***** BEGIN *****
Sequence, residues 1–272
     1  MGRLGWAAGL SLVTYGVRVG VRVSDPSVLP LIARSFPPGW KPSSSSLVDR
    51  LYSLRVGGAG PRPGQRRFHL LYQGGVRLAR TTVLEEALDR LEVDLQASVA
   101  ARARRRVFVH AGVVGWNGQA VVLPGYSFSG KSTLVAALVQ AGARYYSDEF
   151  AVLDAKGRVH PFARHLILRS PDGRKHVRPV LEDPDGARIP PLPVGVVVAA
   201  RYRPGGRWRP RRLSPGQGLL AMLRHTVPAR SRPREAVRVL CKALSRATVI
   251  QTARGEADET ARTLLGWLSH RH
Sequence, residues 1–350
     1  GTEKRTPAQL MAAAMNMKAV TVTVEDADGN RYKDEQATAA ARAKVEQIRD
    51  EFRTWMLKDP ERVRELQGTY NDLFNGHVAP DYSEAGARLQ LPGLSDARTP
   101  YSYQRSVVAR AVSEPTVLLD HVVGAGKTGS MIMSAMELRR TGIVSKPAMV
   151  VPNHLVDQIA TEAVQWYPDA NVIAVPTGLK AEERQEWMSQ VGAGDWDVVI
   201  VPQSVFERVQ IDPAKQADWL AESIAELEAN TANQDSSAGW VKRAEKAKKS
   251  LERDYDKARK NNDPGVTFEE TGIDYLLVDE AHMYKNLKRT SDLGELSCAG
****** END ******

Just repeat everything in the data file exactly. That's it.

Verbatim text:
Sequence, residues 1–272
     1  MGRLGWAAGL SLVTYGVRVG VRVSDPSVLP LIARSFPPGW KPSSSSLVDR
    51  LYSLRVGGAG PRPGQRRFHL LYQGGVRLAR TTVLEEALDR LEVDLQASVA
   101  ARARRRVFVH AGVVGWNGQA VVLPGYSFSG KSTLVAALVQ AGARYYSDEF
   151  AVLDAKGRVH PFARHLILRS PDGRKHVRPV LEDPDGARIP PLPVGVVVAA
   201  RYRPGGRWRP RRLSPGQGLL AMLRHTVPAR SRPREAVRVL CKALSRATVI
   251  QTARGEADET ARTLLGWLSH RH
Sequence, residues 1–350
     1  GTEKRTPAQL MAAAMNMKAV TVTVEDADGN RYKDEQATAA ARAKVEQIRD
    51  EFRTWMLKDP ERVRELQGTY NDLFNGHVAP DYSEAGARLQ LPGLSDARTP
   101  YSYQRSVVAR AVSEPTVLLD HVVGAGKTGS MIMSAMELRR TGIVSKPAMV
   151  VPNHLVDQIA TEAVQWYPDA NVIAVPTGLK AEERQEWMSQ VGAGDWDVVI
   201  VPQSVFERVQ IDPAKQADWL AESIAELEAN TANQDSSAGW VKRAEKAKKS
   251  LERDYDKARK NNDPGVTFEE TGIDYLLVDE AHMYKNLKRT SDLGELSCAG